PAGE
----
Reset by Ellen Pao: I don’t remember much about Ellen Pao’s widely-covered gender discrimination suit against her former employer, venture capital firm Kleiner Perkins, but I was curious to learn more about her experiences as a woman in tech. So far, the book isn’t disappointed—Pao is honest, angry, and unafraid to show just how badly the tech industry needs to be shaken up. (Hardcover)

Rachel Weber

Anna by Niccolo Ammaniti: Set in Sicily, this is post-plague fiction seen through the eyes of a child. Those eyes belong to a tough survivor called Anna, raising her brother in a world where disease kills anyone over the age of 14. I picked it up last night and my Kindle hasn’t left my side since, I’m gripped by Anna’s battle for survival. (egalley)

Teresa Preston

No One Is Here Except All of Us by Ramona Ausubel: This novel is about an isolated Romanian village in 1939 whose citizens decided to create a new world for themselves in which the war outside doesn’t exist. I saw several good reviews of this book when it came out, so now I’m giving it a try for myself. I’m just a couple of chapters in and haven’t made up my mind about it yet. (Library hardcover)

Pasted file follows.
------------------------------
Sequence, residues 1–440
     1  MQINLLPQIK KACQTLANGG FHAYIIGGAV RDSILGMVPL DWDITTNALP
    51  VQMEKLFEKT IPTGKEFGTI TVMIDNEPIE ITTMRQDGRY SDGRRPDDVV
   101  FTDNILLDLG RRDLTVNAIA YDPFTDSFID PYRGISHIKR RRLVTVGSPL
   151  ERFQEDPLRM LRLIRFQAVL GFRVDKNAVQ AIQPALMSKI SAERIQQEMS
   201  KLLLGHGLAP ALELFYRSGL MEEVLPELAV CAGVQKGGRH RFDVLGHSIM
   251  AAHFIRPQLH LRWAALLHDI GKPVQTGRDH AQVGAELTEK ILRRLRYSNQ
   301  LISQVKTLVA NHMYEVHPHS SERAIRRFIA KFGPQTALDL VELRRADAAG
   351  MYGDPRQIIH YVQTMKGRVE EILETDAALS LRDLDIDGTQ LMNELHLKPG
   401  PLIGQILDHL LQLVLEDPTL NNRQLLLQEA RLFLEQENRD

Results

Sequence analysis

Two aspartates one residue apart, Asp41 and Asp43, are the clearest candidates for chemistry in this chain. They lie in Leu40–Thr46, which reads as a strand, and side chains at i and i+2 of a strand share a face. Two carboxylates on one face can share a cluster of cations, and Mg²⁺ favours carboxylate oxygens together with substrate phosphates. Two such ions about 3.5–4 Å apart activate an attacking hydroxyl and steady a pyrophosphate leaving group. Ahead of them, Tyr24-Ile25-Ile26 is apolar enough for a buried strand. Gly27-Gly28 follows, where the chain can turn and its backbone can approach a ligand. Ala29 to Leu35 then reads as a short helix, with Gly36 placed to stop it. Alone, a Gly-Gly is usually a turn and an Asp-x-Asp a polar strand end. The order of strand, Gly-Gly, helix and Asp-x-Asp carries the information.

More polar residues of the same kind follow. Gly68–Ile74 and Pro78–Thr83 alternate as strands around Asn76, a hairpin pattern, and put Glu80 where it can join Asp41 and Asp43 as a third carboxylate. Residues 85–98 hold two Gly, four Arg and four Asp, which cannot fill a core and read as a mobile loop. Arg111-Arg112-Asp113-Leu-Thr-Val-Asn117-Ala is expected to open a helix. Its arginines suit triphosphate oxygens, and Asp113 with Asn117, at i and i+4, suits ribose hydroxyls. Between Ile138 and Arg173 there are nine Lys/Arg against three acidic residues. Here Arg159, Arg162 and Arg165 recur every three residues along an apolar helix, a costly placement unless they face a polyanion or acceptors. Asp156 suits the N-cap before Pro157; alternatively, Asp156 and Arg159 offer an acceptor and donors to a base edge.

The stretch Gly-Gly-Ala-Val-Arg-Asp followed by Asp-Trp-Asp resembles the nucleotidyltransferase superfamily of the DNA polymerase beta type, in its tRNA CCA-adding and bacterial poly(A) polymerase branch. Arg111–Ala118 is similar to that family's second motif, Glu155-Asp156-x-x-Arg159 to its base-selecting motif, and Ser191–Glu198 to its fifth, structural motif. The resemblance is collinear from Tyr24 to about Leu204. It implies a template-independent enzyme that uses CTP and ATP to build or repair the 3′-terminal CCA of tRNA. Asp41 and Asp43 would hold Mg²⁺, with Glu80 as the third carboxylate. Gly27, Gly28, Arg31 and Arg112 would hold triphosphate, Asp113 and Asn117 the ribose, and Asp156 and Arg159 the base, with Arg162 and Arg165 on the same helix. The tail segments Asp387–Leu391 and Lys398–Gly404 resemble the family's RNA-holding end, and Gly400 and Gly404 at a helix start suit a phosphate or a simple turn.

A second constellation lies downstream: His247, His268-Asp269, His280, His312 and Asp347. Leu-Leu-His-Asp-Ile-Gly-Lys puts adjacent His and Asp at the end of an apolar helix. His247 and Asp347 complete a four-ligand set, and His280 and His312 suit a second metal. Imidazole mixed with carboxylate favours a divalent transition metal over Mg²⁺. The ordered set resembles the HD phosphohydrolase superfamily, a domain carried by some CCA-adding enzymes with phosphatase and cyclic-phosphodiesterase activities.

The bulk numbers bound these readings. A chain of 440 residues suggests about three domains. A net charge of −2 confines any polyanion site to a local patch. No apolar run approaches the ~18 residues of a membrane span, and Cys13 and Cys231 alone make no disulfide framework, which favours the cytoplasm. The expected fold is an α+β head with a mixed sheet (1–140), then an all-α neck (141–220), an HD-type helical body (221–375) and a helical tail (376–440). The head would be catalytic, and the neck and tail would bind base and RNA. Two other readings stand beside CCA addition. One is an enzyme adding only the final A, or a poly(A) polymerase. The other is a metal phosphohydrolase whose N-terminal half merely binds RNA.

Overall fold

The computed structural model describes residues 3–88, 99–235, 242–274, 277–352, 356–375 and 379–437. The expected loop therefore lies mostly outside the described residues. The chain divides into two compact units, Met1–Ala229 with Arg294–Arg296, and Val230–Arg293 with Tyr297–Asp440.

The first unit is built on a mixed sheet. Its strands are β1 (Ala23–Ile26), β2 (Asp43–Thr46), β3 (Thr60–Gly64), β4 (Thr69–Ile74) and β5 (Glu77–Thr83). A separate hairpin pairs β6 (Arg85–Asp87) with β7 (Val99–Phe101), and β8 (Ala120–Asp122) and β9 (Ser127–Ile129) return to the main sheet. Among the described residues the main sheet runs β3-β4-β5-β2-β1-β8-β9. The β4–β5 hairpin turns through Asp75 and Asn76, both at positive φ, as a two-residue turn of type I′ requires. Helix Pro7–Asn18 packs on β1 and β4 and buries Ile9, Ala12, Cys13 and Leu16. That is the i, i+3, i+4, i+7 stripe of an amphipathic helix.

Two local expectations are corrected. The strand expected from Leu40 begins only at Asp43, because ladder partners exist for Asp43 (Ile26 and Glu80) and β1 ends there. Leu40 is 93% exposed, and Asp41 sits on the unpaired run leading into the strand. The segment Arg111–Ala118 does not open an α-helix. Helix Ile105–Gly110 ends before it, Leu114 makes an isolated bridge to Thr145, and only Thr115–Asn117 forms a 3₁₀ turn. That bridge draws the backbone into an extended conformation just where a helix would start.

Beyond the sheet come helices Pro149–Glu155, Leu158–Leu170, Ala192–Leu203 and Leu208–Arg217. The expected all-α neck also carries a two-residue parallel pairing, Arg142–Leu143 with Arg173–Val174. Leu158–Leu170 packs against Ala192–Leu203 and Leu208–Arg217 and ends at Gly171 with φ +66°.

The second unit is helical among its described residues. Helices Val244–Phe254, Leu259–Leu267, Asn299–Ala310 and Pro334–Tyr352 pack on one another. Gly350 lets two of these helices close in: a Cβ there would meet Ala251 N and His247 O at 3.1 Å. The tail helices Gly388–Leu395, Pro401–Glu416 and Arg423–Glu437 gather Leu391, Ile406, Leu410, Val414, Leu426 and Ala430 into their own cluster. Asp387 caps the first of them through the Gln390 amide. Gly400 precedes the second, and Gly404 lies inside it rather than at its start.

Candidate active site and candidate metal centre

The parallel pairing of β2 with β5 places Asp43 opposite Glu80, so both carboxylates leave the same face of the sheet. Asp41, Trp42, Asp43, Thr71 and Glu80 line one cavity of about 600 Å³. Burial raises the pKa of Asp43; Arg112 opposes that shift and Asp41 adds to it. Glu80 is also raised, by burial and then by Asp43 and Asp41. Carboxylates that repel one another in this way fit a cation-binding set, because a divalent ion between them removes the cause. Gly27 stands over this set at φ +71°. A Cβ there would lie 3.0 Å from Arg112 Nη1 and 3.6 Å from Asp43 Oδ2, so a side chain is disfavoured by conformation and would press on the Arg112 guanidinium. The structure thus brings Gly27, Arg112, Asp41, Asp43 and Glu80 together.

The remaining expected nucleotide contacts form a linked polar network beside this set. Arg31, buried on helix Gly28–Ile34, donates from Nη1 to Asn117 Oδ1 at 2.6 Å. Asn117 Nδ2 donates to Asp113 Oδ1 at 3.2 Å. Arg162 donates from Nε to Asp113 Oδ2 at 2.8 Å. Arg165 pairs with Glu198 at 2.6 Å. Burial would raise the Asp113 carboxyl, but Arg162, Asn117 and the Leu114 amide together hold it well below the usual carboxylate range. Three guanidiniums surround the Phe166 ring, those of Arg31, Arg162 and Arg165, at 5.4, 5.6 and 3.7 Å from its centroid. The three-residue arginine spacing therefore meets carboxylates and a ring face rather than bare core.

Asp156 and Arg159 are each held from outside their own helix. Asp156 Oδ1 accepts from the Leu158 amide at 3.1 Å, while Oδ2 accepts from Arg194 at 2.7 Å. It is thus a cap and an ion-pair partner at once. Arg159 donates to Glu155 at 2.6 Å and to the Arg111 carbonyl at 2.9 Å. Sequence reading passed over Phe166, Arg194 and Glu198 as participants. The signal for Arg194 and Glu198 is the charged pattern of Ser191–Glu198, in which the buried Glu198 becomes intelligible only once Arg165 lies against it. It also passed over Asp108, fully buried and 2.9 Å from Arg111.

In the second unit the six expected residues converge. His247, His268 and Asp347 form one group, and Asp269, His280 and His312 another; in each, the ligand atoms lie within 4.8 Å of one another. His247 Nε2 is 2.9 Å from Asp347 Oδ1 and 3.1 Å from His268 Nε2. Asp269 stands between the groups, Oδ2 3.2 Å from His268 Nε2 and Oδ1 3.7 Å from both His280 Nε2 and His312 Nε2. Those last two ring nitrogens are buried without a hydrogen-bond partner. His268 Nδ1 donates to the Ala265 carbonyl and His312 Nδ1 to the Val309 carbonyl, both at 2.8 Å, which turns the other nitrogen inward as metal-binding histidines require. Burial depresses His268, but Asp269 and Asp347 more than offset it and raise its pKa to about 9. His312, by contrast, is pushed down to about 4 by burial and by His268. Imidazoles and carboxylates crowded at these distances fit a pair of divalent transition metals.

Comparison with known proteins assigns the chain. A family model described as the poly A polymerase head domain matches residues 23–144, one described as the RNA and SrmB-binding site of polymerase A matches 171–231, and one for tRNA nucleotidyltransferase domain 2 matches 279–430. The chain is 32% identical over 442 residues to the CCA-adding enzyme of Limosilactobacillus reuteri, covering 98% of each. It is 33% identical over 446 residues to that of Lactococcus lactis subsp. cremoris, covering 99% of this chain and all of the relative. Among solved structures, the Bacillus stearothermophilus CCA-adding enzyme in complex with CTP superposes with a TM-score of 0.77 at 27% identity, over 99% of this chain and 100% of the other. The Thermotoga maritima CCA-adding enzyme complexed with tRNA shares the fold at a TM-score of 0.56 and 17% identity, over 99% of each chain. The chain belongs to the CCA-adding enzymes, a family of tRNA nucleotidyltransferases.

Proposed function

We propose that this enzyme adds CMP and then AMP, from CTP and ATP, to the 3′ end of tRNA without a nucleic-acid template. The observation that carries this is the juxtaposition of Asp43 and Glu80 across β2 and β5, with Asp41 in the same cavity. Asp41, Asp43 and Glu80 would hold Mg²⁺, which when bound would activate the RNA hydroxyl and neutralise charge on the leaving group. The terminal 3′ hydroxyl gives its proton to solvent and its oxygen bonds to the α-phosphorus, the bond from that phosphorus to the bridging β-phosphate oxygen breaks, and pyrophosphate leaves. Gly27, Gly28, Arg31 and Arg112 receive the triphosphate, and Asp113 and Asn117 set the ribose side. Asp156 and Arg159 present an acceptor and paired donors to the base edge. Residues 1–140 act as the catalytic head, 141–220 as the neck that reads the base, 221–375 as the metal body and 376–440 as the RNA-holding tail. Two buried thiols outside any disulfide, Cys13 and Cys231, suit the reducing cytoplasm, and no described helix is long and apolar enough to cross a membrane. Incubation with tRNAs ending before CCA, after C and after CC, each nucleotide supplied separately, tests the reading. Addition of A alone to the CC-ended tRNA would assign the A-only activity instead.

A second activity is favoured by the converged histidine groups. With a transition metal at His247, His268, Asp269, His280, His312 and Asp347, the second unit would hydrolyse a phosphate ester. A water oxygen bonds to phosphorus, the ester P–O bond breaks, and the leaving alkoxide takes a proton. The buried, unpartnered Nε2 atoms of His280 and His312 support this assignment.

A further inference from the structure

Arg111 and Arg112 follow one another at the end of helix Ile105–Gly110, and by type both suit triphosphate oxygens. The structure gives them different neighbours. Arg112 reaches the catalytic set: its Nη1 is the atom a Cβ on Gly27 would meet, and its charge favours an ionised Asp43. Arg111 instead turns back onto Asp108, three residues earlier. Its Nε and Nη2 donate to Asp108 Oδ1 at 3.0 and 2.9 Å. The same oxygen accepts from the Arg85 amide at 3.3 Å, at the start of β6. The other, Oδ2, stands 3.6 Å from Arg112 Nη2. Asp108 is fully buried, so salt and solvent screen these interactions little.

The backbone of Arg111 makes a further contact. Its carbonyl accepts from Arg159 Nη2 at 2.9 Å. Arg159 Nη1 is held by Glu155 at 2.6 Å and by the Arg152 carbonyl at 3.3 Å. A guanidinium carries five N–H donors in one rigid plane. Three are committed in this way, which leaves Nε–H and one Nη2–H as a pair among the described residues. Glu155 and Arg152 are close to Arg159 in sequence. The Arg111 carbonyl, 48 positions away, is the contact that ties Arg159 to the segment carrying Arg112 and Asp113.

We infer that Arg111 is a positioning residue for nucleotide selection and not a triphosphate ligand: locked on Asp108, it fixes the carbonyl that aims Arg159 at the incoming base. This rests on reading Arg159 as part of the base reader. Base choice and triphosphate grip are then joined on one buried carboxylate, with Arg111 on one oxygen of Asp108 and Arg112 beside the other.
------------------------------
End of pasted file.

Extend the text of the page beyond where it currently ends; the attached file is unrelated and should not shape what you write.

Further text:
Katisha Smith

The Handmaid’s Tale by Margaret Atwood: You may have heard the TV adaptation for the book was a big winner at this year’s Emmys. I bought this book last year, but am just getting around to reading it. I want to read the book before I start watching the series. (Kindle ebook)

surpassing certainty by janet mock

Patricia Elzie-Tuttle

Surpassing Certainty by Janet Mock: I read Redefining Realness early this year and fell madly in love with Janet Mock’s writing. It’s like having a conversation with a close friend. It feels warm and welcoming. Her advice is gentle and empowering, not forceful and prescriptive. (Kindle ebook)

Priya Sridhar